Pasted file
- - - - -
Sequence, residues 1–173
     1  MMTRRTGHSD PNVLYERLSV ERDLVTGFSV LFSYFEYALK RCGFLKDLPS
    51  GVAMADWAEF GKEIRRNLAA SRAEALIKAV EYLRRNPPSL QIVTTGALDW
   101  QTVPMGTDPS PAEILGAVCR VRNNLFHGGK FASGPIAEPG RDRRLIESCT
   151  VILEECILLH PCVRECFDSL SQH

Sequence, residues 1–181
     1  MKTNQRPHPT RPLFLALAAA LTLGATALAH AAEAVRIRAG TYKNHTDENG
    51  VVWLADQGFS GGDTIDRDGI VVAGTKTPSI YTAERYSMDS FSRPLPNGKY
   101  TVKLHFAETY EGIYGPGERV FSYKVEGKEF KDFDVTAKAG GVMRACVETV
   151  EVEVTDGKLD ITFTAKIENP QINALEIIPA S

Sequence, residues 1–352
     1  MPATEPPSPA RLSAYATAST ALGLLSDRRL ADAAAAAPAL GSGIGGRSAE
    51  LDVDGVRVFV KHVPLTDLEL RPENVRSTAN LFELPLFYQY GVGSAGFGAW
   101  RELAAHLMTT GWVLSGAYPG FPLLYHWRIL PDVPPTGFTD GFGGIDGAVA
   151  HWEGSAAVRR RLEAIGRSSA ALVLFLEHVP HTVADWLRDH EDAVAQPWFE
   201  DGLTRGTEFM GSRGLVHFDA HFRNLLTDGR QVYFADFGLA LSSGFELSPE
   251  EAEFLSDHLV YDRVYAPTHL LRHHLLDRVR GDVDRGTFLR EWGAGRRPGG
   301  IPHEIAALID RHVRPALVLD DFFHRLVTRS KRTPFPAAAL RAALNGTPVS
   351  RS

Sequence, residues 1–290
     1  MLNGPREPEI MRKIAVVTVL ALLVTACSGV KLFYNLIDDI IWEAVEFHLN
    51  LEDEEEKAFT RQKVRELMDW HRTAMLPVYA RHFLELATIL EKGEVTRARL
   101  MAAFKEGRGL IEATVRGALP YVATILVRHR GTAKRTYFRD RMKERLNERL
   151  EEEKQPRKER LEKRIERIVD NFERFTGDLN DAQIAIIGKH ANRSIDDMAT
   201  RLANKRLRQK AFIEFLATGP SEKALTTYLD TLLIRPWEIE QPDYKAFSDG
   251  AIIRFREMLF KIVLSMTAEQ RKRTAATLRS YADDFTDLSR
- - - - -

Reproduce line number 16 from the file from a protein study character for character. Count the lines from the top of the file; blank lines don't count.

   201  DGLTRGTEFM GSRGLVHFDA HFRNLLTDGR QVYFADFGLA LSSGFELSPE